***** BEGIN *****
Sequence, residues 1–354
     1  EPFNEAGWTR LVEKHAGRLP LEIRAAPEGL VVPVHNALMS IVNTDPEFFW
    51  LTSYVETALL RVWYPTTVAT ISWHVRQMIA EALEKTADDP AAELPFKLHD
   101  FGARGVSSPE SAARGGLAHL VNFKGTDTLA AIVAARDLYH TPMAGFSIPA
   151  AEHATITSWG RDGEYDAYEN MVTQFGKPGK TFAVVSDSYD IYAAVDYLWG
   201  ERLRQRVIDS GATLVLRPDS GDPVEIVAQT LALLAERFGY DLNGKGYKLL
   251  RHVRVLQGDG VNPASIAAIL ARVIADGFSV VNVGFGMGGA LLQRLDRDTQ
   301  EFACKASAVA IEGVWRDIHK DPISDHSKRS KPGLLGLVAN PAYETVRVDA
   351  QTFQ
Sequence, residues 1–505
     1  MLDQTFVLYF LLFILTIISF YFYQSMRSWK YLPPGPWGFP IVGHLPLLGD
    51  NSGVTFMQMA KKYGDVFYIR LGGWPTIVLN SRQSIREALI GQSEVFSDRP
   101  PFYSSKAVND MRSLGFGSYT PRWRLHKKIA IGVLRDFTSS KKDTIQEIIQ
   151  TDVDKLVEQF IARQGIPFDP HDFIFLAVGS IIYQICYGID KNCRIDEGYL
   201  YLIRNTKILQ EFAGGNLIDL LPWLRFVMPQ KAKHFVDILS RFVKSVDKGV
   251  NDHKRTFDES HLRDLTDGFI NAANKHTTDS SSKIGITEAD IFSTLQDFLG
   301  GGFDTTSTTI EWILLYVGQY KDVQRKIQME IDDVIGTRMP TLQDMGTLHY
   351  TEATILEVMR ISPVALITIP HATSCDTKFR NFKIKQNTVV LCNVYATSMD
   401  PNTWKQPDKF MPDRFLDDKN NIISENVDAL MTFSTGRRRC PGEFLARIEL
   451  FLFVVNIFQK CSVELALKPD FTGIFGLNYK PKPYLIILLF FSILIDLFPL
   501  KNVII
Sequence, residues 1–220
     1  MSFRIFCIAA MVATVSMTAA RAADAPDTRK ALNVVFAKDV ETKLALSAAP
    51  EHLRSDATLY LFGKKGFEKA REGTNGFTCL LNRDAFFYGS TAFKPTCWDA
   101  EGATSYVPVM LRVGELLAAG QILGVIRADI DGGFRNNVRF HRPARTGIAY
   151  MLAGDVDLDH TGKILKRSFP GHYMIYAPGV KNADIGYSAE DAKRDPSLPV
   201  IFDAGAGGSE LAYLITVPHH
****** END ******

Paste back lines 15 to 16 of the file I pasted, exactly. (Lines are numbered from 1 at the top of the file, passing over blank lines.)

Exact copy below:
   201  YLIRNTKILQ EFAGGNLIDL LPWLRFVMPQ KAKHFVDILS RFVKSVDKGV
   251  NDHKRTFDES HLRDLTDGFI NAANKHTTDS SSKIGITEAD IFSTLQDFLG